Magazine article Journal of Property Management

Case Studies in Retail Asset Enhancement

Magazine article Journal of Property Management

Case Studies in Retail Asset Enhancement

Article excerpt

It is no secret among real estate owners and asset managers that a successful retail property can be a great source of revenue, appreciation, and professional pride or that regional malls are usually the stars of a retail portfolio.

However, the vast majority of shopping centers in the United States are not regional malls strategically located in major markets. Rather they are neighborhood or community shopping centers, which are anchored by supermarkets, drug stores, or other local chains.

And increasingly, these smaller centers are in trouble. Sales are down, deferred maintenance is apparent, tenants are struggling, and vacancies are up.

Given these difficulties and the economic uncertainties which lie ahead, retail property owners and lenders can no longer afford to be complacent when it comes to the strategic positioning and day-to-day supervision of such properties.

Instead, a well-researched, carefully planned, strategic asset management program is critically needed to address specific problems and opportunities of each center. These plans will steer them back to long-term profitability and away from the increasingly frequent pattern of slow and steady decline.

As the sole equity real estate advisor to New York Life Insurance Company, our firm is responsible for a portfolio of more than $1 billion of income-producing properties nationwide, several of them older neighborhood or community retail centers.

Last summer we began a series of renovation/redevelopment programs at several of our properties around the country, including two of our four retail centers in Georgia: Bellemeade Shopping Center in Marietta and Rockbridge Place Shopping Center in Stone Mountain.

Although the centers are similar size, age, and type of tenancy (including having the same supermarket anchor) and share many of challenges, each center's revitalization program was tailored to meet its distinctive needs.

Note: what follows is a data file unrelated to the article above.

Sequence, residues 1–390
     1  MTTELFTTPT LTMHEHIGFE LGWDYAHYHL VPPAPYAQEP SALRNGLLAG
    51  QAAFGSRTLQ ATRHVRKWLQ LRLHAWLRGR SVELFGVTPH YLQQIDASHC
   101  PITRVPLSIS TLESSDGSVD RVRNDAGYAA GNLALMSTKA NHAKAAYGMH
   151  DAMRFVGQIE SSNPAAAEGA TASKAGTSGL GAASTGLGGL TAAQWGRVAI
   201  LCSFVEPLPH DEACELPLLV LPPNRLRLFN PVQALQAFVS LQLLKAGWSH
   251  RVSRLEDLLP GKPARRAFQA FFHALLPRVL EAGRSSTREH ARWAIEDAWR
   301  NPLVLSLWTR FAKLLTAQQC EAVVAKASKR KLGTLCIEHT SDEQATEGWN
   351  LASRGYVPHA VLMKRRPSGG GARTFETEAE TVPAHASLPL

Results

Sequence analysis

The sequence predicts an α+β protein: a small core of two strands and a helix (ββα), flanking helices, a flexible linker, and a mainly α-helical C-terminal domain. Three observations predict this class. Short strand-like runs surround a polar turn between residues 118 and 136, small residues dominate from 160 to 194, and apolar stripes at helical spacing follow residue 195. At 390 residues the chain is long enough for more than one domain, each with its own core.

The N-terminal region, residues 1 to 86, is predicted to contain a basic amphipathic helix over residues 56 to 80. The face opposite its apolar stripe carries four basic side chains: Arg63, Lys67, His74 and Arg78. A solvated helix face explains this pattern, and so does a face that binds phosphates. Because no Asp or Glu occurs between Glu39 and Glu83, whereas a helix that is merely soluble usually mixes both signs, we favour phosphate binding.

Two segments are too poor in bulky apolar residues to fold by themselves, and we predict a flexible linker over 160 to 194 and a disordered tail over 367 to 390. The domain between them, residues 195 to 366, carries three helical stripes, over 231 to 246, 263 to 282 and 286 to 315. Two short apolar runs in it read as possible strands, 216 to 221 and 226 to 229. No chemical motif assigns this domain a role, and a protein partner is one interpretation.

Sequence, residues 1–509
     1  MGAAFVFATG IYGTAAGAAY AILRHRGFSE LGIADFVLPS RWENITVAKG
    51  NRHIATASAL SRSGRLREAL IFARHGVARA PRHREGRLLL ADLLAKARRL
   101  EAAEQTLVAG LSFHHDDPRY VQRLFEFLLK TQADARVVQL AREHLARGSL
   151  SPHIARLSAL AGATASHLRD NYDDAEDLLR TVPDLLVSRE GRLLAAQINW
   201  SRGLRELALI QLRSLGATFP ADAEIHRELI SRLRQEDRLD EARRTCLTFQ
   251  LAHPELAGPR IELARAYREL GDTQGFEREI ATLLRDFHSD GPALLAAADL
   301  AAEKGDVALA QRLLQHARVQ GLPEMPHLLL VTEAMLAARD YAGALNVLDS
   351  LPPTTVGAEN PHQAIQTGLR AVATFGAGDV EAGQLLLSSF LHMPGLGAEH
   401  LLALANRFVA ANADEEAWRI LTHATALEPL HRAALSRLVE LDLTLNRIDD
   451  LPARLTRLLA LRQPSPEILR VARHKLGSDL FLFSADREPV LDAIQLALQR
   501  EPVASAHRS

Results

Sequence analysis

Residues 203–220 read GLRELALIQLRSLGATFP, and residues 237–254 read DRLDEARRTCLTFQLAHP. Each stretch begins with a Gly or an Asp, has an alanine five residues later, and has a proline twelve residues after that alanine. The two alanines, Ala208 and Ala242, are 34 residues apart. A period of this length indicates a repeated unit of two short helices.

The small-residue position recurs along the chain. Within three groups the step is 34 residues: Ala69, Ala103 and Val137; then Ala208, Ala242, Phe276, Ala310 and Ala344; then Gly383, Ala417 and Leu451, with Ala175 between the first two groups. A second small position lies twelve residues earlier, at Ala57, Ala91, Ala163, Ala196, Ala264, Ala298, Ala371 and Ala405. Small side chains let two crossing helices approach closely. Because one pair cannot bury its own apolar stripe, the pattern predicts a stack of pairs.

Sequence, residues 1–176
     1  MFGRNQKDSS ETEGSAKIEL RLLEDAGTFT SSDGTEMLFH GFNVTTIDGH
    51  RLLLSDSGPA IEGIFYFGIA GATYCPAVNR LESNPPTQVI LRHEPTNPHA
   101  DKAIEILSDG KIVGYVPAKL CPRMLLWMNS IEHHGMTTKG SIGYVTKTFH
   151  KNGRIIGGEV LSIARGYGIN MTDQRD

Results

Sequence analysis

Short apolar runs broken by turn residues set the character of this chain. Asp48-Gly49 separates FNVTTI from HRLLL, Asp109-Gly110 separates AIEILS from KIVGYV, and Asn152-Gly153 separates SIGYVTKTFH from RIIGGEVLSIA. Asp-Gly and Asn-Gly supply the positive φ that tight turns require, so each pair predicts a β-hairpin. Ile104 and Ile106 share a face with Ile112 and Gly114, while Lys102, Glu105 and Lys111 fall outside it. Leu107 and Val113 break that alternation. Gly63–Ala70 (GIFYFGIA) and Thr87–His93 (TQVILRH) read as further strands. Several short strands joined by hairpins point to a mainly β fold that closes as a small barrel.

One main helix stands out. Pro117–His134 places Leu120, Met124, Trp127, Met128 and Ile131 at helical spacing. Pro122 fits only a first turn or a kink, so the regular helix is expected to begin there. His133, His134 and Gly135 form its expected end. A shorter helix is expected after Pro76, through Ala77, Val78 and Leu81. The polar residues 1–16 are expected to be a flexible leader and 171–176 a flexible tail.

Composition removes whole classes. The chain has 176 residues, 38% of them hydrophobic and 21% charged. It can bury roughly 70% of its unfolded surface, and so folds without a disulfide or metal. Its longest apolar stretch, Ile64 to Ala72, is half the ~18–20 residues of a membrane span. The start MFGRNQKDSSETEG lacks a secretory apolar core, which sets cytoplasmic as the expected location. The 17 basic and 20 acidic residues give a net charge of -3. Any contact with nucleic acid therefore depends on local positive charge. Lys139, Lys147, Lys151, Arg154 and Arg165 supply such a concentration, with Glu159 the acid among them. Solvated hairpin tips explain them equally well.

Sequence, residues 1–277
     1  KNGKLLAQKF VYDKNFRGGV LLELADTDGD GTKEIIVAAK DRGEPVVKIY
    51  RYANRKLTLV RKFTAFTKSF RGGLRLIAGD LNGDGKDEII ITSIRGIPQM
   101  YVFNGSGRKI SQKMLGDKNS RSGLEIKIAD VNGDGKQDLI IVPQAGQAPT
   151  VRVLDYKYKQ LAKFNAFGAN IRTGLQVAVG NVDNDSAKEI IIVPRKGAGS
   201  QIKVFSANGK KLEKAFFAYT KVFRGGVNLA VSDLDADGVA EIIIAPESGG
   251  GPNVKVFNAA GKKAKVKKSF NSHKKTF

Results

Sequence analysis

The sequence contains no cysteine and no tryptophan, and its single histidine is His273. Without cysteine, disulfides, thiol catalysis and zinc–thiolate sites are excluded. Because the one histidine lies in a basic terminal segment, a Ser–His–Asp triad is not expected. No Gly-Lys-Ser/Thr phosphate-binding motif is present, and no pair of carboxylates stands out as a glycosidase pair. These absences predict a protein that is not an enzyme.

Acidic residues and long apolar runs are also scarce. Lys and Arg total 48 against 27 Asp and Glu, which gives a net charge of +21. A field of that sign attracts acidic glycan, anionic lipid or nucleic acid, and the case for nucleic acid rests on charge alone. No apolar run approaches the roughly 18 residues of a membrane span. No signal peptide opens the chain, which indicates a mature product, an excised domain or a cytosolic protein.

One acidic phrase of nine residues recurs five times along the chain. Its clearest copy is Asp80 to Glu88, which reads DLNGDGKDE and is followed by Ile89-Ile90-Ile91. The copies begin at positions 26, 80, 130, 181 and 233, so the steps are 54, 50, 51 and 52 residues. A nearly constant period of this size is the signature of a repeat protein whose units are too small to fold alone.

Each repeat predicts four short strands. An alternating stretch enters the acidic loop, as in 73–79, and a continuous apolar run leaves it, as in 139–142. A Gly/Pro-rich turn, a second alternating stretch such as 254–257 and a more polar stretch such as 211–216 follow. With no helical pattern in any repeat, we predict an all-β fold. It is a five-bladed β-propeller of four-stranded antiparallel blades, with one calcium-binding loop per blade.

Bellemeade Shopping Center

Built in 1973, this 57,600-square-foot strip center, which New York Life had acquired through foreclosure, is located 15 miles northwest of Atlanta's central business district in Cobb County.

Upon takeover, the center was deteriorating so rapidly that Treasury Drug, one of its anchor tenants, moved out of Bellemeade and into a strip center across the street. While the move affirmed the strength of Bellemeade's location, it clearly indicated had significant problems.

One of Bellemeade's greatest advantages, however, was its cost basis. New York Life had acquired the center for $24 per square foot. And even with a proposed $9 per square foot renovation program, the center still offered a powerful economic advantage versus the $50 to $65 per square foot investment required for new construction.

Our first step was to address the center's physical problems. The parking lot needed repair and its lighting was insufficient. The center's roof leaked. A drainage retention pond was overgrown with weeds, and the fence surrounding it had not been properly maintained.

More importantly, the center lacked architectural appeal and was in need of a facelift. The project lacked strong street identity, and storefront signage was inconsistent and of poor quality.

A major contributor to all the problems was the lack of hands-on, experienced property management, which is vital to the day-to-day activities of the center, as well as to the leasing and ongoing tenant relations programs.

When New York Life assumed control of Bellemeade, arrearages were poorly controlled, tenants failed to report gross sales, the lease documents were in need of standardization and improvement, vacant stores were poorly maintained, and, as might be expected, tenant morale was extremely low. Things were so bad, in fact, that we projected five out of eight tenants would fail to renew their leases when they expired in 1989. …

Search by... Author
Show... All Results Primary Sources Peer-reviewed


An unknown error has occurred. Please click the button below to reload the page. If the problem persists, please try again in a little while.